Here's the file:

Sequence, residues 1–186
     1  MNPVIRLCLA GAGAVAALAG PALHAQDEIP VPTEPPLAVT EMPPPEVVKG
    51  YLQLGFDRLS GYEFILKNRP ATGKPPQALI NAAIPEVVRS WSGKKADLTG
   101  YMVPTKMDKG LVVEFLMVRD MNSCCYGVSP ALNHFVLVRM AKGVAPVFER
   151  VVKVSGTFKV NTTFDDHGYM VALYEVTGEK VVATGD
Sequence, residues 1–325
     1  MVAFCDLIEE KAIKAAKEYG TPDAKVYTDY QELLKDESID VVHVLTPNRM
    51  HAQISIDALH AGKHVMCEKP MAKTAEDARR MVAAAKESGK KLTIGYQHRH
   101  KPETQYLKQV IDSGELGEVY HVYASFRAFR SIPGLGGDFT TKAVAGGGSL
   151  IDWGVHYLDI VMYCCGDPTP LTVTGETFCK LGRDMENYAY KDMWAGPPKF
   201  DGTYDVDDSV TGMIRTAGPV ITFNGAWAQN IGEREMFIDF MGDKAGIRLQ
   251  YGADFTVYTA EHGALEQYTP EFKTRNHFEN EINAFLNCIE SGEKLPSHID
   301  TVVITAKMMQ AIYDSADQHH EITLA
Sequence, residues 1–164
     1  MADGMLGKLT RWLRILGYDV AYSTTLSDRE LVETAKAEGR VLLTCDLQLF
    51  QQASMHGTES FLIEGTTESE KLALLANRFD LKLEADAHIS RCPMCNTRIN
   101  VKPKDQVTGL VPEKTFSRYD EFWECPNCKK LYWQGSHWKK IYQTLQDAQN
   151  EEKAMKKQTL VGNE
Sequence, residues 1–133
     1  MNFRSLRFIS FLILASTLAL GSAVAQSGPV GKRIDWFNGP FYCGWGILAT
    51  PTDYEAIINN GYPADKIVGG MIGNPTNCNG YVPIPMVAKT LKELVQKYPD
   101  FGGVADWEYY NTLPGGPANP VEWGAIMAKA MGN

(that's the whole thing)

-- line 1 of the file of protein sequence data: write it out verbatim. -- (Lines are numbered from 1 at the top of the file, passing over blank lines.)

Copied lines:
Sequence, residues 1–186